Vision: To expand economic opportunities and strengthen our community by inspiring innovation in scalable agriculture, edible landscapes, gardening, and community gardens and orchards.

To accomplish this purpose and vision, Douglas County and its partners have planted over 500 varieties of fruits and nuts, a dozen varieties of lavender and dozens of types of herbs and annual vegetables.  We are now tracking the performance of various crops and performing trials.  We are evaluating the effectiveness of numerous innovative cultural methods to overcome the extreme climate challenges of Colorado’s Front Range.  Examples include the use of high tunnel greenhouses, floating row covers, shade cloth, mist beds, winter applications of anti-desiccants, vertical growth structures, alternative training methods such as the vertical fruiting wall which saves space and allows for row covers.

Partners: Douglas County Government continues to work with numerous partners in this joint effort.  Initial funding came through a Communities Putting Prevention to Work (CPPW)  grant from the Tri-County Health Department, donations from the Crooked Willow Foundation, and Douglas County Open Space budget.  Colorado State University (CSU) and CSU Extension have contributed to technical expertise.  Master Gardeners from the CSU Extension program and Douglas County Open Space volunteers contribute over 2000 hours annually to these projects.  The Natural Resources Conservation Service (NRCS) and Douglas County Conservation District are also partnering with Douglas County Government on this project.  Numerous private farmers; viticulturists; orchardists; landowners and organizations such as the Denver Botanic Gardens at Chatfield, Promise Ranch, and Nobel Foundation out of Ardmore, Oklahoma has toured and are involved in this project to one degree or another.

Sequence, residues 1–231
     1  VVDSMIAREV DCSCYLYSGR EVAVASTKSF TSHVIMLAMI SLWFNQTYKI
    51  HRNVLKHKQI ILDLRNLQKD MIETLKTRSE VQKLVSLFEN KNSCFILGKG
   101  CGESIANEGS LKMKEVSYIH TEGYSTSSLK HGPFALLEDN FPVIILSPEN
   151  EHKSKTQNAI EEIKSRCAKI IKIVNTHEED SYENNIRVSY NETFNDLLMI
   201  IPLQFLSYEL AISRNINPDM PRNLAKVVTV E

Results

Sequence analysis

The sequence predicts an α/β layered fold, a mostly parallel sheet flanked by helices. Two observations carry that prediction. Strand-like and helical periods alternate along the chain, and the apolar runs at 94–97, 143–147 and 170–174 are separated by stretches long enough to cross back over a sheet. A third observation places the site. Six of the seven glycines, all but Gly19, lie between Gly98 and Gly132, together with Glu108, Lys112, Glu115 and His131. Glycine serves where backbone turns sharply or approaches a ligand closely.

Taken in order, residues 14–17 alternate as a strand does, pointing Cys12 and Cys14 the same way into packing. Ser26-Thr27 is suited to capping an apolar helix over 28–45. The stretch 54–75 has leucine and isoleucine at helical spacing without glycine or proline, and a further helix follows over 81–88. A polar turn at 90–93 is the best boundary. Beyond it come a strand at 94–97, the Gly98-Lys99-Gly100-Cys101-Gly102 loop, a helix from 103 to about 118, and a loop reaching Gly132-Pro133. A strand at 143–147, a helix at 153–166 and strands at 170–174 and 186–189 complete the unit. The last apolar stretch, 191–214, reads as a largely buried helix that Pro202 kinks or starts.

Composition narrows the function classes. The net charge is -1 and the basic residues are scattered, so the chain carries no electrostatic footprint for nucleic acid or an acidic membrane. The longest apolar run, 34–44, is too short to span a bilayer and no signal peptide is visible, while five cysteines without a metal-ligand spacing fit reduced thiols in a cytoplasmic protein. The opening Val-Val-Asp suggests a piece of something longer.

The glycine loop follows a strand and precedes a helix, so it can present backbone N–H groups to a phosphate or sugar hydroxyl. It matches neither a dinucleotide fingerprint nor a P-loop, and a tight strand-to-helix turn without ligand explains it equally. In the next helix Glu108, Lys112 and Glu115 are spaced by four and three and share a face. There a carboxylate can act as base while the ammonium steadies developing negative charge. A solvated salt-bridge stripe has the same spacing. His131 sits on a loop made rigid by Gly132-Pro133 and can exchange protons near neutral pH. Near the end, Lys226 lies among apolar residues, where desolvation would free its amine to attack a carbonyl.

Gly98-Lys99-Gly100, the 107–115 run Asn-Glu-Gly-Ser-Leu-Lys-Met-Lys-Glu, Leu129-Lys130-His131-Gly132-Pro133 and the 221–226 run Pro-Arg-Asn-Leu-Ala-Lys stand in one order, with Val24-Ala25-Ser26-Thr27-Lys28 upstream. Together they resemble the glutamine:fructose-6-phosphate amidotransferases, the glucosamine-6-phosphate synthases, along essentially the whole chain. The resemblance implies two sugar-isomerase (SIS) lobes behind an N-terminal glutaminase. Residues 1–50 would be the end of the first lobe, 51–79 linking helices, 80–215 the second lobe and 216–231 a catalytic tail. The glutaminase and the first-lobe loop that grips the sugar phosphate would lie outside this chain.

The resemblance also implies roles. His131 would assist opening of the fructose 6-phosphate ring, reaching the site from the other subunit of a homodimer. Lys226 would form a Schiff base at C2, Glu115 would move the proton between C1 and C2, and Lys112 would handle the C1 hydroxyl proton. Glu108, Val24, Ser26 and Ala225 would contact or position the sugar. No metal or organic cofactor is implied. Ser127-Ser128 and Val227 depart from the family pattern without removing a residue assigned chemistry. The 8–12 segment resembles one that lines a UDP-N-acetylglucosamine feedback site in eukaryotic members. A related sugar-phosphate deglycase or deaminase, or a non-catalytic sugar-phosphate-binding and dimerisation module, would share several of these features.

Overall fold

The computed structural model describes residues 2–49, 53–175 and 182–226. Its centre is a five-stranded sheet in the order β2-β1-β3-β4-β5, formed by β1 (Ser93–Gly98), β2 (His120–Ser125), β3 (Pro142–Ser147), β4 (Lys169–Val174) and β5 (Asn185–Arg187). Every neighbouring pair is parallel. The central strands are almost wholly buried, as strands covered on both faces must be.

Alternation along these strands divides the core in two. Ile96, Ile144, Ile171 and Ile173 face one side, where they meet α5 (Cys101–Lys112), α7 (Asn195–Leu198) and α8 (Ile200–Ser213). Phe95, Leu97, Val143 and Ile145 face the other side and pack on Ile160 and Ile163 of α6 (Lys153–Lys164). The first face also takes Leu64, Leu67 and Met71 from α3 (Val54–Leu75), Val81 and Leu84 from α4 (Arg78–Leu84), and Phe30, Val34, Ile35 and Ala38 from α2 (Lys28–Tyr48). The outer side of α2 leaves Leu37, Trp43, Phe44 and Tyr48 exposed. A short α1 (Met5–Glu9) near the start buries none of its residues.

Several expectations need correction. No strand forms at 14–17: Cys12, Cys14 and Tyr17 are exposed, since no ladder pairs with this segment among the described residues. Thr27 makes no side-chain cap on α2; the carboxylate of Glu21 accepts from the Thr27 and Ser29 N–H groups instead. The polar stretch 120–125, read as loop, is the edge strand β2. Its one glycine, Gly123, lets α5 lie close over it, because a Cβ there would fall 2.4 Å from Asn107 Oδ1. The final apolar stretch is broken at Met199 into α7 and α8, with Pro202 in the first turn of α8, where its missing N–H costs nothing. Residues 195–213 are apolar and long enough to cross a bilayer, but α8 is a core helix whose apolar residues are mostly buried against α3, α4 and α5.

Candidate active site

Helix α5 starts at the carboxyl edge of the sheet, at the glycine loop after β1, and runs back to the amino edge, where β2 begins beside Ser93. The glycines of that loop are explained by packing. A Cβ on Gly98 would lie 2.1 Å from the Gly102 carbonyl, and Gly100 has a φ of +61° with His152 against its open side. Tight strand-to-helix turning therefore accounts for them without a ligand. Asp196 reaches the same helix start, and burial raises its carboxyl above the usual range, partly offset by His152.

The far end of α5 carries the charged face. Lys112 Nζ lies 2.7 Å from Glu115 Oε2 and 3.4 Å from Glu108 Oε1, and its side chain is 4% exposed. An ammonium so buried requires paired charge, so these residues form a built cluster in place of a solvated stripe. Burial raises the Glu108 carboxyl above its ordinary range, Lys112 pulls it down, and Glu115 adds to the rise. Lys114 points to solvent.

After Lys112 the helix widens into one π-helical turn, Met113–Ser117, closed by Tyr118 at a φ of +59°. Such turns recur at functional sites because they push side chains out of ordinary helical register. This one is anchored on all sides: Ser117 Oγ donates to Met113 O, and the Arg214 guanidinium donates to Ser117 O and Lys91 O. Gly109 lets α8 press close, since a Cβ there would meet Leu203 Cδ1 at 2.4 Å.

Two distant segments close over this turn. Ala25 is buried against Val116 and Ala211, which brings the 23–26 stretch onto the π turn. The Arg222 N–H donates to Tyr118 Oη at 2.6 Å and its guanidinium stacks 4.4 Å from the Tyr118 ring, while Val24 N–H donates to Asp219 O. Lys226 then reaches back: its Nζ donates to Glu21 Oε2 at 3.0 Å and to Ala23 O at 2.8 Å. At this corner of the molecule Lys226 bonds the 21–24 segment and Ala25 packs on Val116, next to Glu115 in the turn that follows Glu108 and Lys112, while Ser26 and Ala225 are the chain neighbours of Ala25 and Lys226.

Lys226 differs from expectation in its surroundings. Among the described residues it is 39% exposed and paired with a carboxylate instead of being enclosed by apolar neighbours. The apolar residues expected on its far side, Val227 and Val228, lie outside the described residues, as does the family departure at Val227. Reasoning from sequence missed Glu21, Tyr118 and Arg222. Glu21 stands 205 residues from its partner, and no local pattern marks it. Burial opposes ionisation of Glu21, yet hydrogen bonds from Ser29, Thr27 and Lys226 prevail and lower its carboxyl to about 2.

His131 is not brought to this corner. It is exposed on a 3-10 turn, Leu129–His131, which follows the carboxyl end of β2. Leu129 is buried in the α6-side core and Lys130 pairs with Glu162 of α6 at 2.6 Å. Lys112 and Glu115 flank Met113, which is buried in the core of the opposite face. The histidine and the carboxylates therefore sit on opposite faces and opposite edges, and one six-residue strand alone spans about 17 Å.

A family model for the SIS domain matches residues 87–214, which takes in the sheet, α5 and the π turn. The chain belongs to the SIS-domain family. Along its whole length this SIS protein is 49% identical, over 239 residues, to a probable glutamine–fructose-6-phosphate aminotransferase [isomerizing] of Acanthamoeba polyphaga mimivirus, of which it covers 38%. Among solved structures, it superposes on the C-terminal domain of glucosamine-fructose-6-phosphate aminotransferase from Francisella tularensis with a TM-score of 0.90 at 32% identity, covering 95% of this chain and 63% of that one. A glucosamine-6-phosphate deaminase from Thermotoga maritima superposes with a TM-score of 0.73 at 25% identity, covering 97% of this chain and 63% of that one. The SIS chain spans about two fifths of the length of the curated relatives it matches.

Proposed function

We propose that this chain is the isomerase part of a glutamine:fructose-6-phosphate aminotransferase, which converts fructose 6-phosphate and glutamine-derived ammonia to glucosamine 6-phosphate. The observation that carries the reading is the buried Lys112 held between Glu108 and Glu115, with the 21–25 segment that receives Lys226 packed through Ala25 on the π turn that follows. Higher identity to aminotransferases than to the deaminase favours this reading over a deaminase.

Community Benefit: There are numerous tangible benefits to not only the local community but Colorado’s Front Range communities from this facility and its efforts.  Obviously, our primary mission is to research and demonstrate the functionality of various crops, cultivars and cultural methods specifically for use in our highly unique and challenging Front Range Climate.  Research done in other regions is only marginally applicable to our region.